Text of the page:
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The EU Commission and the terrible no good very bad idea

The European Commission continues to push forward with plans to reform copyright, but the idea of a link tax still won't die. Find out what the next step is in the fight to safeguard the right to link for Internet users everywhere.

Right now key decision-makers in Europe have renewed their attempts to drive forward the innovation-killing link tax (or “ancillary copyright”) that could harm the Internet forever.
Recent speeches from the European Commission (EC) sadly show that, despite all the evidence against it, they still want to push ahead with this flawed idea.

But the good news is we have one big chance to put a stop to this idea before it gets out of control. The EC have opened up a last questionnaire on the issue, making it the final step before they release the draft copyright legislation in just a few months. We want to make sure that the link tax doesn’t show up in that document at all.

Sign our statement to tell the Commission not to create laws which make the link tax possible.

We’re focusing on just one question: Will it affect Internet users? You can read our full answer here, but the simple version is Yes. Yes, of course it will. And it will screw the Internet up.1

After all, links are what empower users to discover great content, navigate the Web and gain access to information. If we don’t respond to this consultation, we know the publishing lobbyists will, and their voice will come out as the loudest.

What’s this all about?

The Commission is in the process of writing a new copyright law – and that could include “ancillary copyright’ rules that extend copyright to links and the snippets of text that accompany them. It’s a brazen attempt to allow anti-innovation publishers charge fees for business models that rely on links. It’s been called neighbouring rights, snippet tax, and ancillary copyright: but a rose of any other name, still stinks of a link tax.

The link tax hurts the media, and limits access to information.
Aggregators who cannot afford to pay the link tax will cease to operate. Without links, content will be unfindable online. Just think about the last time you wanted to read a news article and typed in the exact address where it lives in your URL bar. Can’t remember? That’s probably because it never happens. Regardless of where you live, your favourite news and media sites could disappear. This plan will create an advantage for entrenched anti-innovation news organisations, tilting the playing field further in their advantage.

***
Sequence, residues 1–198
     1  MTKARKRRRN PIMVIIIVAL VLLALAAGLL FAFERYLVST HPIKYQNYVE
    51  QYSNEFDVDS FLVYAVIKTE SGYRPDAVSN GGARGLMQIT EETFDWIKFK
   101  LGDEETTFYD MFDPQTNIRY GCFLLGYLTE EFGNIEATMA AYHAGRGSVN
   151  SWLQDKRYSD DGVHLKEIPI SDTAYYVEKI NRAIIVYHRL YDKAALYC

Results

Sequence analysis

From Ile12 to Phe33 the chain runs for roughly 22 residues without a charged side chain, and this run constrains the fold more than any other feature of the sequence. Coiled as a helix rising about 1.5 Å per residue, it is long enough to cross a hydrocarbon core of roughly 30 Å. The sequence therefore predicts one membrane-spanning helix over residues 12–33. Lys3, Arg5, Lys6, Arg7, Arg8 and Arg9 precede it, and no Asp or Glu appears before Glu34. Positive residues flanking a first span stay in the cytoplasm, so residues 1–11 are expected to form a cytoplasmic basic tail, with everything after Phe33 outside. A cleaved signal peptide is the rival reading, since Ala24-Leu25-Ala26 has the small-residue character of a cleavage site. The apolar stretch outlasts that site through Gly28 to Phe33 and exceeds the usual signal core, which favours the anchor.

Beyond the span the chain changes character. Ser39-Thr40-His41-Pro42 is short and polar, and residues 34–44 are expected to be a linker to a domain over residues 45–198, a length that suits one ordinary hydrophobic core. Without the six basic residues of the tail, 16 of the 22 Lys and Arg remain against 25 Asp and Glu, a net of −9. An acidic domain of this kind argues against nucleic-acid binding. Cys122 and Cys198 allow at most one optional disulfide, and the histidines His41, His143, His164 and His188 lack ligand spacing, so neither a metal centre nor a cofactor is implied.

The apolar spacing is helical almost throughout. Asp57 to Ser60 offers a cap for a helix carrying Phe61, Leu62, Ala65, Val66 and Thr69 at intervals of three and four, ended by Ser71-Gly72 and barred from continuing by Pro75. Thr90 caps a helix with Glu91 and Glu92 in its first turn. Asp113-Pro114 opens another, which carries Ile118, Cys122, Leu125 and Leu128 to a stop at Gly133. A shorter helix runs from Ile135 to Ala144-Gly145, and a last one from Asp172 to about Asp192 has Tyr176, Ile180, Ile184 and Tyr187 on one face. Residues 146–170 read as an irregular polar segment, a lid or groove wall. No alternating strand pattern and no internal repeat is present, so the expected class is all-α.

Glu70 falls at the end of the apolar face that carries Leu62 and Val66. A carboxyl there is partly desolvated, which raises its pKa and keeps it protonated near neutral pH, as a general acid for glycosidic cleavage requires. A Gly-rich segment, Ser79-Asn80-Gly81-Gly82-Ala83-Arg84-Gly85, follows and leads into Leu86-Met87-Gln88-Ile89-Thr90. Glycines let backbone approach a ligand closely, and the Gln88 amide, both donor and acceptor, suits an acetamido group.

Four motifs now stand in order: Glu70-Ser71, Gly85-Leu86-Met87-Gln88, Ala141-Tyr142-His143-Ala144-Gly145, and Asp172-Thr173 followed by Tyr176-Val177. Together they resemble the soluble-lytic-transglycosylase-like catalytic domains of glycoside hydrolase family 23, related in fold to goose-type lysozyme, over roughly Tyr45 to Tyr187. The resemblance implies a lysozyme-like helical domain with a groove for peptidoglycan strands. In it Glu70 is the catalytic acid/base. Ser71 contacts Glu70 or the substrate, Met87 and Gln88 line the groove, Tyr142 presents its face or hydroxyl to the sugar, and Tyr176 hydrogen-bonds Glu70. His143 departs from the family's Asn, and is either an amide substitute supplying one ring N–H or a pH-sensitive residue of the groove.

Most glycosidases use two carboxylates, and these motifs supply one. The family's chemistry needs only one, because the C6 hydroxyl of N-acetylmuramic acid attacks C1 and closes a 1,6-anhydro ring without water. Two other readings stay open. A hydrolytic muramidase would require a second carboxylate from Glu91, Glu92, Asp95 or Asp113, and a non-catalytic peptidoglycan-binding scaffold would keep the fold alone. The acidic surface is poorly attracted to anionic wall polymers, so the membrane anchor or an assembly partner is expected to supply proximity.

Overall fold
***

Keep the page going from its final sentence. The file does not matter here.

The link tax hurts journalists.
Giving collecting agencies and huge publishers the power to make decisions about how their work is shared (for example, denying the choice to make your work creative commons) and giving publishers, not authors, the resulting cash.

The link tax hurts online innovation and startups.
Take Javier Sarda, who got in touch with us last year explaining how the version of the link tax that passed in Spain destroyed his innovative news aggregator, due to legal uncertainty.

If enough people sign our statement, to say that they are against ancillary copyright then the Commission will have to listen and drop the idea from the draft law.

For a huge impact you can also take the fullconsultation, using the tips and the answering guide that we helped to create jointly with a fantastic coalition of EU digital rights groups, including Mozilla, European Digital Rights Initiative (EDRi) and Copyright For Creativity.

The bottom line is this: these dangerous proposed copyright laws willhurt businesses, small news sites and Internet users. It will widen the gap between entrenched media giants and start-ups,  and it will reduce access to information everywhere.

We have an opportunity to take action and make sure our voice is heard now.

Why is this happening now?
The European Union is in the midst of a huge copyright reform process. Many people are frustrated by the dysfunctional, outdated copyright laws we’re stuck with in the EU, and this has the potential to be innovative and exciting – updating copyright for the digital age and encouraging Internet users in all of their creative potential. The process even had a strong start with a proposal that really understands how the Internet works, drafted by MEP Julia Reda and supported by the European Parliament.

However, thanks to lobbying by big established media players, we may not just be trudging back towards status quo, but potentially falling face-first into an even more restrictive copyright regime (which means that things like babies singing karaoke and 3D sculptures of left-shark  won’t be the only things cut off in their prime).

There are many concerning issues in this wider debate – freedom of panorama, ‘copyright police’ enforcement, and websites being held liable for the content of rogue commenters. How this law turns out will have a massive effect on the future of the Web.

That’s why we’re campaigning on the link tax, a proposal that keeps showing up, despite being shot down by the Internet community over and over again. Hyperlinks are the roadmaps of the Web, and if they start disappearing, so will our access to information, and the Internet as we know it.



If we’re being totally honest. Sorry.

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